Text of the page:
1012.30 Indestructibility of Tetrahedron: We have here a pumping model of the vector equilibrium. It consists only of the vector lines of the system formed by 12 uniradius spheres closest packed around one sphere of the same radius. The interconnecting lines between those 13 spheres produce the pumping vector equilibrium model's skeleton frame. We have also removed the vector equilibrium's 12 internal double radii to permit the vector equilibrium system to contract; thus we have for the moment removed its nuclear sphere. Every vector equilibrium has eight tetrahedra with 12 common edges, a common central vertex, and 12 common exterior vertexes. Each tetrahedron of the eight has four planes that are parallel to the corresponding four planes of the other seven. Each of the vector equilibrium's eight tetrahedra has an external face perpendicular at its center to a radius developed outwardly from the nucleus. Each of the eight external triangular faces is interconnected flexibly at each of its three comers to one other of the eight triangles. It is found that the whole vector equilibrium externalvector framework can contract symmetrically, with the four pairs of the eight external triangles moving nontorquingly toward one another's opposite triangle, which also means toward their common nucleus. As they do so, each of the four pairs of exterior triangles approaches its opposite. When the eight separate but synchronously contracting tetrahedra diminish in size to no size at all, then all eight planes of the eight triangles pass congruently through the same nuclear center at the same time to form the four planes of the vector equilibrium. (See Sec. 623.) 
1012.31 Because each of the eight triangles had converged toward one another as four opposite pairs that became congruent in pairs, we seemingly see only four planes going through the center in the model. There are, however, really eight planes passing through the same vectorequilibrium nuclear point at the same time, i.e., through the empty, sizeless nucleus.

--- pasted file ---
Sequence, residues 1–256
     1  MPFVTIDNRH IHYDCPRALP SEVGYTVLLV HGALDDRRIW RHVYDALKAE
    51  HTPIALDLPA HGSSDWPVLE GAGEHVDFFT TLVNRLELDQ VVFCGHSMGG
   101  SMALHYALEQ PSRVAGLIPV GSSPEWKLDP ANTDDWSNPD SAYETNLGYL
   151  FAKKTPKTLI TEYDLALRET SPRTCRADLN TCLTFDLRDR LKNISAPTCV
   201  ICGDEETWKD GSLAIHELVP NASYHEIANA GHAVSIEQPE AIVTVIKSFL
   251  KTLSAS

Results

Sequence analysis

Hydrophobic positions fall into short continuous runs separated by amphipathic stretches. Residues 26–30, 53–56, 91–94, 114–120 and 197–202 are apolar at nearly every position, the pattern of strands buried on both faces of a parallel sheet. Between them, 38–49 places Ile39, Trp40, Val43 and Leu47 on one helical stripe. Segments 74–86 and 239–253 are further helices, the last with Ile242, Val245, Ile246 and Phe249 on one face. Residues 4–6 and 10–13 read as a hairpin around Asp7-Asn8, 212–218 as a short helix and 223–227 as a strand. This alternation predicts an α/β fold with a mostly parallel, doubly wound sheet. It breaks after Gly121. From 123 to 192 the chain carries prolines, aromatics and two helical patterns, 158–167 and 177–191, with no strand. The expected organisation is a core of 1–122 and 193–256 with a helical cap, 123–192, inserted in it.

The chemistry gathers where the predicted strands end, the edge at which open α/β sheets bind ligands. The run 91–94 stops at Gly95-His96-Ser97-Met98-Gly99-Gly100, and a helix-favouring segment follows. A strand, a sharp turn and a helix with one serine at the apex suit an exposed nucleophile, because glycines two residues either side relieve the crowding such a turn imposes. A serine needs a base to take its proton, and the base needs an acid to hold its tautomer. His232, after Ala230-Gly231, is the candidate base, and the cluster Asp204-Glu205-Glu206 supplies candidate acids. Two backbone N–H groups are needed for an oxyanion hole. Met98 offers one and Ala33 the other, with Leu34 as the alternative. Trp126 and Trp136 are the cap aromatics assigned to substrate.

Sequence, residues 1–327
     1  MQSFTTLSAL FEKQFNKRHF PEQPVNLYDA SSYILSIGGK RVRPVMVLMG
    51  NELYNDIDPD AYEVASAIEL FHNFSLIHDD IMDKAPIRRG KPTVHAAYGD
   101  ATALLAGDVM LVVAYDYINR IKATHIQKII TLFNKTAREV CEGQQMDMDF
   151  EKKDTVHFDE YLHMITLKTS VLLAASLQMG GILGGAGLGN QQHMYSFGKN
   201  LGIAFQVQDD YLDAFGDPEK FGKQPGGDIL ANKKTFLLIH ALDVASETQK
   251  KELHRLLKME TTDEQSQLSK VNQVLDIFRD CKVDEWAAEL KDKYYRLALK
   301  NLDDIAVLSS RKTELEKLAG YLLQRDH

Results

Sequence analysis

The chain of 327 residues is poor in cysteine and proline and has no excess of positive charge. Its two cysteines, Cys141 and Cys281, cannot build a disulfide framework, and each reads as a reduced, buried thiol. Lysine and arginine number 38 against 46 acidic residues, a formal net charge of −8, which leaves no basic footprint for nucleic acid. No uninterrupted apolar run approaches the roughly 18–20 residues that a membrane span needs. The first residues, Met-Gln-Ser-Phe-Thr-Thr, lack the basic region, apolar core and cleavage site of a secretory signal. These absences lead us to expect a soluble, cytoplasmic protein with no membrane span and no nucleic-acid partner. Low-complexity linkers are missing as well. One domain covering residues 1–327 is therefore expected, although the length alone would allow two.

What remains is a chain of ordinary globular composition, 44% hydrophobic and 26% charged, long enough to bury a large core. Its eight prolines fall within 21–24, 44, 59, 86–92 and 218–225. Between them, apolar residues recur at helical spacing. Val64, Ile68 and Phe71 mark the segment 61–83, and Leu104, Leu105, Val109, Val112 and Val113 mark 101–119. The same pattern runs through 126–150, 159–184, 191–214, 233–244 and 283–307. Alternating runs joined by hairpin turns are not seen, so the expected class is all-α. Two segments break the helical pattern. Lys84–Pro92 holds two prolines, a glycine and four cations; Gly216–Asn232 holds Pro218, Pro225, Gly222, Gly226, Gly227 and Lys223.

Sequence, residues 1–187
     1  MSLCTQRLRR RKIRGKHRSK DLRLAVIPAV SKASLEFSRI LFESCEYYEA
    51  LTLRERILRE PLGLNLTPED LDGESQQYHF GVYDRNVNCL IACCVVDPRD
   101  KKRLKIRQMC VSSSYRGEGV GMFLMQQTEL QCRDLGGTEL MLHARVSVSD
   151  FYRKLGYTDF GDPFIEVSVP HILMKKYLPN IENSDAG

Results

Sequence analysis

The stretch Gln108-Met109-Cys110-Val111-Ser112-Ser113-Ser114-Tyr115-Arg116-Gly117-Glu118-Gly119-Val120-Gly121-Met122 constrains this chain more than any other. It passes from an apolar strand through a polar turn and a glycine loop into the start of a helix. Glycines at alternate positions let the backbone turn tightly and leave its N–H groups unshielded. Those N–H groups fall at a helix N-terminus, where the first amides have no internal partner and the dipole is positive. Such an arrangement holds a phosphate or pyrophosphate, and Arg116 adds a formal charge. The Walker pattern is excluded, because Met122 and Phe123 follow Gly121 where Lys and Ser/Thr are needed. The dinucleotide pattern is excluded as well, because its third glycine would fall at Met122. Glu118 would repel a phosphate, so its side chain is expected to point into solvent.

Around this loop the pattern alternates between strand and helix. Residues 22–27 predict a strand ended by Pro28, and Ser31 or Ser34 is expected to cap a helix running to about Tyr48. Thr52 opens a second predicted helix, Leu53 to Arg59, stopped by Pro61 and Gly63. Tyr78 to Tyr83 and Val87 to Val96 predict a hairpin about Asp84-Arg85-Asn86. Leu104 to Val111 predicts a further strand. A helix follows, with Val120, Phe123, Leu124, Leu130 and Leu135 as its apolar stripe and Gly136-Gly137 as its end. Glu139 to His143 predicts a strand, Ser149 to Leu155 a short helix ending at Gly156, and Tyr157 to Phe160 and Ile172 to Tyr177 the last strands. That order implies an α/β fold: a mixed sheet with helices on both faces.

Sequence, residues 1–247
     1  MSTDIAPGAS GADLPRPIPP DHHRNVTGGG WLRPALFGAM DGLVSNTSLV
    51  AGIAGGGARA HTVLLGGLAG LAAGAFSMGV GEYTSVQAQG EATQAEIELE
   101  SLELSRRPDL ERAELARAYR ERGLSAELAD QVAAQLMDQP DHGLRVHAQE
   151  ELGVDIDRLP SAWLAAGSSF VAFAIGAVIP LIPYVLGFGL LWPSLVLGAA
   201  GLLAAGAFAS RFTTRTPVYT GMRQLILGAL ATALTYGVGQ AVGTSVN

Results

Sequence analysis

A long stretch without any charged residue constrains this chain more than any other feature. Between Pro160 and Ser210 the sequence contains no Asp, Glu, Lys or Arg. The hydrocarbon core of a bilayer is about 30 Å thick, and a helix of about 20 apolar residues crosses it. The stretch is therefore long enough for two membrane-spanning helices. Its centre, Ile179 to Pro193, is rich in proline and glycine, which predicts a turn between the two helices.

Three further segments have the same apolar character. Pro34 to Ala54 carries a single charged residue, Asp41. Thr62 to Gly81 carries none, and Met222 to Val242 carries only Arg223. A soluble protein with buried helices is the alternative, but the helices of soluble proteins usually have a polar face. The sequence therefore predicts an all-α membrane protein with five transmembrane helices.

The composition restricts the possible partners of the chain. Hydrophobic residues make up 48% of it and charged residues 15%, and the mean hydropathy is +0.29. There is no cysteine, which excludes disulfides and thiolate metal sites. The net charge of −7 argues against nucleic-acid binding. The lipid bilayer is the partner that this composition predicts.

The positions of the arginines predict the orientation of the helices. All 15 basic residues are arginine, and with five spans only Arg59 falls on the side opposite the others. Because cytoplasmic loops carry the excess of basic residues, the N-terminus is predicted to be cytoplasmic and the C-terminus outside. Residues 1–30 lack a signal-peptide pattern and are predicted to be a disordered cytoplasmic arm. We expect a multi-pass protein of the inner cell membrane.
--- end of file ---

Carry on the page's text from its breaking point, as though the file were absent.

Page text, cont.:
1012.32 As the eight tetrahedra diminished in size synchronously, their edges became uniformly smaller at a velocity of the first power; their areas became smaller at a velocity of the second power; and their volumes became smaller at a velocity of the third power^{__} which are three very different velocities. Finally, they all reached zero velocity and size at the same time. As they became smaller, however, there was no change in their respective foumess of faces; sixness of edges; foumess of vertexes; nor equilateralness; nor equiangularity. These are changeless constants. So what you see in the model is eight sizeless tetrahedra that became one empty, sizeless, congruent set, with all their mathematically constant tetrahedral characteristics unaltered, ergo, conceptually manifest as eternity. 
1012.33 What we speak of as a point is always eight tetrahedra converged to no size at all. The eight tetrahedra have been brought to zero size and are abstracted from time and special case. They are generalized. Though the empty vectorequilibrium model is now sizeless, we as yet have the planes converging to intercept centrally, indicating the locus of their vanishment. This locus of vanishment is the nearest to what we mean by a point. The point is the macromicro switchabout between convergence and divergence. 
1012.34 We also have learned that a plurality of lines cannot go through the same point at the same time. Therefore, the eight perpendiculars to the centers of area of the triangle faces and the 12 lines that led to their 12 common outer vertexes, like the tetrahedra's volumes and areas, have come to common zero timespace size and can no longer interfere with one another. We find operationally, however, that there never was any paradoxical problem, such as Zeno's "never completable approach" concept, for we have learned of the fundamental torque or twist always present in all experientially explored system realization, and we find that as each team of opposite triangles apprehended the other just upon their nearing the center, each is whirled 180 degrees, or is "half spun" about, with its three corners never completely converging. Whereafter they diverge.